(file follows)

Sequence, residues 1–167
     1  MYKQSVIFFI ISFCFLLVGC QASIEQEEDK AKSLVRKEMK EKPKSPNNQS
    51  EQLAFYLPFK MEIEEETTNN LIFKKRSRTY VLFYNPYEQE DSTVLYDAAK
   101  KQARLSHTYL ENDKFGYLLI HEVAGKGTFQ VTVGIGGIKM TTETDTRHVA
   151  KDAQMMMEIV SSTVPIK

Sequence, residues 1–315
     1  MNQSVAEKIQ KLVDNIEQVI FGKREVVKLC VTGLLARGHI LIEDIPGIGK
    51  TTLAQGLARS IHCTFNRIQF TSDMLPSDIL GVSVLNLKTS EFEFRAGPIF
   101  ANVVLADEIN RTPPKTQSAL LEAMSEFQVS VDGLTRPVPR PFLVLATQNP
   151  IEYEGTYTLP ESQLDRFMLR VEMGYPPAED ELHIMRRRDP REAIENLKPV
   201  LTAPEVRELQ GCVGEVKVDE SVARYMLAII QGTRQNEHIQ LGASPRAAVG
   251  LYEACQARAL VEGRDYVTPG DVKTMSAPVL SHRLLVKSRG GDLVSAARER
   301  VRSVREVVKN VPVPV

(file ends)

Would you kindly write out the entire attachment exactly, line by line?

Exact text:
Sequence, residues 1–167
     1  MYKQSVIFFI ISFCFLLVGC QASIEQEEDK AKSLVRKEMK EKPKSPNNQS
    51  EQLAFYLPFK MEIEEETTNN LIFKKRSRTY VLFYNPYEQE DSTVLYDAAK
   101  KQARLSHTYL ENDKFGYLLI HEVAGKGTFQ VTVGIGGIKM TTETDTRHVA
   151  KDAQMMMEIV SSTVPIK

Sequence, residues 1–315
     1  MNQSVAEKIQ KLVDNIEQVI FGKREVVKLC VTGLLARGHI LIEDIPGIGK
    51  TTLAQGLARS IHCTFNRIQF TSDMLPSDIL GVSVLNLKTS EFEFRAGPIF
   101  ANVVLADEIN RTPPKTQSAL LEAMSEFQVS VDGLTRPVPR PFLVLATQNP
   151  IEYEGTYTLP ESQLDRFMLR VEMGYPPAED ELHIMRRRDP REAIENLKPV
   201  LTAPEVRELQ GCVGEVKVDE SVARYMLAII QGTRQNEHIQ LGASPRAAVG
   251  LYEACQARAL VEGRDYVTPG DVKTMSAPVL SHRLLVKSRG GDLVSAARER
   301  VRSVREVVKN VPVPV